Gastroliths (MANCH LL. 12278a-l) found in the gastric region of MANCH LL.12275. Scale bar is 3 cm. Nudds et al. (2022).

The gastroliths, if correctly identified, would lend support to the theory that early-branching Ornithopods, such as Tenontosaurus tilletti, lacked the chewing capacity of later branching forms such as Hadrosaurs. Gastroliths have been found in three Orinithopod specimens to date, all of which were early-branching forms, namely Gasparinisaura cincosaltensis, from the Late Cretaceous of Argentina, Haya griva, from the Late Cretaceous of Mongolia, and Changmiania liaoningensis, from the Early Cretaceous of China. Possible gastroliths have also been reported from Notohypsilophodon comodorensis, also from the Late Cretaceous of Argentina. Therefore, if the pebbles associated with MANCH LL.12275 are in fact gastroliths, then they are the second oldest known example of such in an Ornithopod. The specimen came with a (less than perfect) photograph of the stones in place within its body cavity, and with no other such pebbles visible elsewhere. Furthermore, the specimen was buried within a fine-grained matrix, from which such pebbles are unlikely to have been derived, and within which any pebbles present are unlikely to have been preferentially sorted to form an accumulation. On the basis of this, Nudds et al. conclude that, while they cannot completely rule out another origin, the most likely explanation for the pebbles is that they were in fact gastoliths.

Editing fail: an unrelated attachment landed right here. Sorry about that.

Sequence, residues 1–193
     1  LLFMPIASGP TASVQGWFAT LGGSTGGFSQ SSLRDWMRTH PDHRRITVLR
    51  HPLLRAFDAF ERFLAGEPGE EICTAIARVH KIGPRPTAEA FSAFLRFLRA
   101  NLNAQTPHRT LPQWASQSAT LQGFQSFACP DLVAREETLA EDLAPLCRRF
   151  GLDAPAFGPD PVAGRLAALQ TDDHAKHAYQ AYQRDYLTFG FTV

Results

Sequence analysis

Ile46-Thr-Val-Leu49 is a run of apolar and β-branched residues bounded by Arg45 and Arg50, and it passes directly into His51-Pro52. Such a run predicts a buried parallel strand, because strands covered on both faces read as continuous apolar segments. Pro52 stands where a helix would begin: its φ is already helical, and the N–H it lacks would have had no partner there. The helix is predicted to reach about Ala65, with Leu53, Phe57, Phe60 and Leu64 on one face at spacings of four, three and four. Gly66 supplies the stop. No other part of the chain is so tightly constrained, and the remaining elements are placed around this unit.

Also found within the body cavity of MANCH LL.12275 were two spherical objects interpreted as Cycad seeds. These were subjected to computerised tomographic scanning, which revealed that they have an irregular amorphous core, surrounded by an outer radial structure, quite different from the structure of Cycad seeds.

Computerised tomographic scan showing a cross section of one of the spherical structures (MANCH LL. 12279b) revealing internal radial structure with central core. Nudds et al. (2022).

While the structure of these objects rules out a Cycad origin, it is consistent with their being derived from a member of the  Bennettitales, an extinct order of Gymnosperms, which produced cones with a radial structure similar to that seen on the spherical structures. Notably, the structures are very similar to cones of the Bennettitalean Williamsonia from the Late Cretaceous of Vancouver Island.

However, further examinations made by cutting one of the structures into thin sections revealed that the core is composed of iron oxyhydroxides (goethite/limonite), and the outer radial structures are probably the highly insoluble baryte with a feathery texture. Such a composition is highly unlikely to have derived from any plant source, but rather probably formed as the skeleton was exhumed, and nodules of pyrite or marcasite, which nucleated around some form of decaying organic matter as the specimen was first buried, were exposed to oxidising conditions. Under such circumstances these iron minerals will oxidise to goethite/limonite, with iron sulphites and barium ions dissolved within pore fluids being extruded and forming baryte. Thus the structures are thought likely to be of entirely mineral origin, and not informative about the diet of the living Animal.